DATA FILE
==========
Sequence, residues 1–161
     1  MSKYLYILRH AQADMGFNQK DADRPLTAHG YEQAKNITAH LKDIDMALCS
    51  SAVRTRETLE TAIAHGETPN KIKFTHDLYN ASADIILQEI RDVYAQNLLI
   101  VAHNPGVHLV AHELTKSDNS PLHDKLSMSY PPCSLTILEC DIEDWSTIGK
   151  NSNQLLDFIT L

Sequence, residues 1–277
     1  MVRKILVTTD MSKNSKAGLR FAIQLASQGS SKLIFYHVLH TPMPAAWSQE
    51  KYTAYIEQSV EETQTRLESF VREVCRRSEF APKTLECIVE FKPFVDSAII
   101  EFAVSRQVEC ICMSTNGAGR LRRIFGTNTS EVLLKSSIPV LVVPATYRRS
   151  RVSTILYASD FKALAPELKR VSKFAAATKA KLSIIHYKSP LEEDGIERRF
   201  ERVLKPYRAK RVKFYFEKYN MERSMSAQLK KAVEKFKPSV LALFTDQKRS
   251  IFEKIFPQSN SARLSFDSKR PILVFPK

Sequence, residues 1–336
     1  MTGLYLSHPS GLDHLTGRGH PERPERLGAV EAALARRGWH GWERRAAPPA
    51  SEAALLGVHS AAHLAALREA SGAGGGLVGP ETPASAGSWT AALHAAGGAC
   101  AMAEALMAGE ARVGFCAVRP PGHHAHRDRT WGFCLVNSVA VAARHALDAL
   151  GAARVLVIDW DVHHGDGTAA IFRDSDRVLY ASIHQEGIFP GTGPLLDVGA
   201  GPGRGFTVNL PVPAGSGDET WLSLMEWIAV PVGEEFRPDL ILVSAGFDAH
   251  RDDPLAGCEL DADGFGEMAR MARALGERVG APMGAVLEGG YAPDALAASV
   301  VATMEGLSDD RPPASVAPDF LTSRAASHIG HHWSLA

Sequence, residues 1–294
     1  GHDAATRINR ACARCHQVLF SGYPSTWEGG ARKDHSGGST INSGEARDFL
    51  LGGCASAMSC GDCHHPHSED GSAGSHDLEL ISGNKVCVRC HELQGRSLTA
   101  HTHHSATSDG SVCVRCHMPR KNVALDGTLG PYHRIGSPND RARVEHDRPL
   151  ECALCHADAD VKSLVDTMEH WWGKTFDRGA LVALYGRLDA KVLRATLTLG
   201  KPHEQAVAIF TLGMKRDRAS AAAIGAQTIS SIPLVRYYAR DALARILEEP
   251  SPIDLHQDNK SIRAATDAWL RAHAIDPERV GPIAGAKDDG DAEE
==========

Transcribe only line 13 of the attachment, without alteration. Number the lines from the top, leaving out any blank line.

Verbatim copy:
Sequence, residues 1–336